For the remaining institutional flow, a broker is typically tasked with sourcing liquidity, with the understanding that this will lead to market impact. Typically, this involves a trading algorithm, which will break up a ‘parent order’ into small, sequential ‘child orders’. At this point, the number of venues that may be accessed increases significantly. In addition to traditional exchanges, these include the second type of dark pools described above. Trade sizes across these trading venues are typically comparable. However, the venues differ in probability of fill (from near-certainty for market orders sent to exchanges, to very low for most HFT ping destinations), toxicity (information leakage) and cost.

Subject to a broker’s best execution obligations, their algorithms’ venue routing decision will be driven by economics. This includes explicit access costs for the broker, as well as competitive considerations which can lead to excessive fragmentation. This increased competition is effective in limiting rent extraction by exchanges and liquidity providers. However, execution quality considerations mean the investor has to direct the broker on permissible venues and trading strategies. Execution benchmarks are an important tool, but in our experience more explicit venue selection criteria are also necessary. For example, we do not believe that the liquidity from HFT ping destinations is worth the information leakage costs. For other venues, as well as exchange-operated hidden books, the picture is more nuanced and requires constant monitoring of execution quality.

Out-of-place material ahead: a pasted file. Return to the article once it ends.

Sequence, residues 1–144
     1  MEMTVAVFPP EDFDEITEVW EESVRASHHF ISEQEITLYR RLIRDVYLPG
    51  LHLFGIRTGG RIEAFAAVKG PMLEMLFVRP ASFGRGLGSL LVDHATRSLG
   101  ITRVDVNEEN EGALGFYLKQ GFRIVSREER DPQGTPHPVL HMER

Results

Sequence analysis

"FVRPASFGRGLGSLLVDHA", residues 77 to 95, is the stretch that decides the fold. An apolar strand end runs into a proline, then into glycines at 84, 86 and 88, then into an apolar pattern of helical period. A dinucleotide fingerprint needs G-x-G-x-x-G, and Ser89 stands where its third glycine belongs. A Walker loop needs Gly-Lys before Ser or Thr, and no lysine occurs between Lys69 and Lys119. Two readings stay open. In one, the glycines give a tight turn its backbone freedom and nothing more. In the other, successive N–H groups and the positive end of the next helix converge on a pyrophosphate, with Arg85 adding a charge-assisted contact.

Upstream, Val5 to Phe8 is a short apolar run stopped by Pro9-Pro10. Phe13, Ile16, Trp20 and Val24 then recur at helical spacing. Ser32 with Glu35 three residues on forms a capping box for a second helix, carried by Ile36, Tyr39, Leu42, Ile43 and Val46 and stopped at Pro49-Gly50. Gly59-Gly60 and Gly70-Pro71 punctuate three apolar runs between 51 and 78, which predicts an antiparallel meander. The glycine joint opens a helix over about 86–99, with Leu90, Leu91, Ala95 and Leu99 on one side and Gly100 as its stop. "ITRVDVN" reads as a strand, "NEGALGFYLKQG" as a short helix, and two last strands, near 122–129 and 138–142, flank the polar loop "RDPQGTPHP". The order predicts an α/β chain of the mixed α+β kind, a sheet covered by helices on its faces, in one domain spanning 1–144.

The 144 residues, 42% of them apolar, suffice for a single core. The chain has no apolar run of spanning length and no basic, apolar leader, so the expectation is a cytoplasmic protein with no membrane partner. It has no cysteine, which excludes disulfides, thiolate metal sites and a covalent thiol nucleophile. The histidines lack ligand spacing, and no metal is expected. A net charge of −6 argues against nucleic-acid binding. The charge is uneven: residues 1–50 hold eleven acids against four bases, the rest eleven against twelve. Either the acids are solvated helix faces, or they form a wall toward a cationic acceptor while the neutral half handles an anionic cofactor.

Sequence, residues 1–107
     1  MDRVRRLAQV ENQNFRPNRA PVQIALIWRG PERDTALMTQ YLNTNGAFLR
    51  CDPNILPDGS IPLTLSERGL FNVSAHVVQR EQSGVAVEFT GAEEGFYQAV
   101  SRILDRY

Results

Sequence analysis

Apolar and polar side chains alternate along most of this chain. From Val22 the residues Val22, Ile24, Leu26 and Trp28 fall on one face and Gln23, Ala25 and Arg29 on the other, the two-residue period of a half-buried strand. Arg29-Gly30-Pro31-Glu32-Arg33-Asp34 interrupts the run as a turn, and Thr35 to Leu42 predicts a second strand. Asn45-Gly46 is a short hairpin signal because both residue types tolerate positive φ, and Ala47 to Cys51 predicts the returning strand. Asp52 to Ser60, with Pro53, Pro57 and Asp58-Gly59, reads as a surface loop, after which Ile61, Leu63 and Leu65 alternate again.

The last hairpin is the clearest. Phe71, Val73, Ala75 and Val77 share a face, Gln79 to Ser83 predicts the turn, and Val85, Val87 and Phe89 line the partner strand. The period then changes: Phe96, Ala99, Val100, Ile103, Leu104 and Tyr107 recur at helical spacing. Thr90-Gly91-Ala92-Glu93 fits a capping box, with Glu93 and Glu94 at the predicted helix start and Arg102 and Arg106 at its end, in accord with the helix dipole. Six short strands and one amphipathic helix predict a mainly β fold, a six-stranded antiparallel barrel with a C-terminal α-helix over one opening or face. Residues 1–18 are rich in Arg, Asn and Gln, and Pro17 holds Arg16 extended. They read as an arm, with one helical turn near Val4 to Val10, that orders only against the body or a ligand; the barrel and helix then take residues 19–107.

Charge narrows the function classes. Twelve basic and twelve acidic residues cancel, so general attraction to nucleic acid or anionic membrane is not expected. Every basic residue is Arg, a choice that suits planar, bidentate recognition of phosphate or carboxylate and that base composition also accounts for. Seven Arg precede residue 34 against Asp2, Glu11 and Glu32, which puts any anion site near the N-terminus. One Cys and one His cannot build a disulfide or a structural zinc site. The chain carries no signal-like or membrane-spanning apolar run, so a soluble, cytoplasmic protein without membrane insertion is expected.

We believe that both block crossing venues and other dark pools can play an important role in ensuring well-functioning markets. In particular, they are useful in limiting rent extraction by intermediaries. Recent letters from US exchanges to brokers and investors indicate the effectiveness of this; however, we believe that there has to be a broader discussion on exchange costs – especially around data fees.

At the same time, transparency around the operating procedures of many dark trading venues is needed. Publication of Reg ATS forms by many of our US brokers is a useful first step; we are in favour of further transparency about operating procedures and available order types, particularly if they differ by client. If we do not feel we have sufficient transparency in a given trading venue, it will not be on our whitelist of permitted trading venues for our brokers.

We are also actively working on establishing and strengthening direct block crossing venues. We believe these trading venues should have greater prominence in today’s equity markets, and are a better reflection of the reality of ever-increasing institutionalisation of asset markets.

Dark pools are a valuable complement to exchanges, and are an essential part of today’s market structure. However, they can introduce avenues for novel forms of rent extraction through insufficient transparency. This is also not a new phenomenon – as always, it requires vigilance and a proactive approach by asset owners and managers.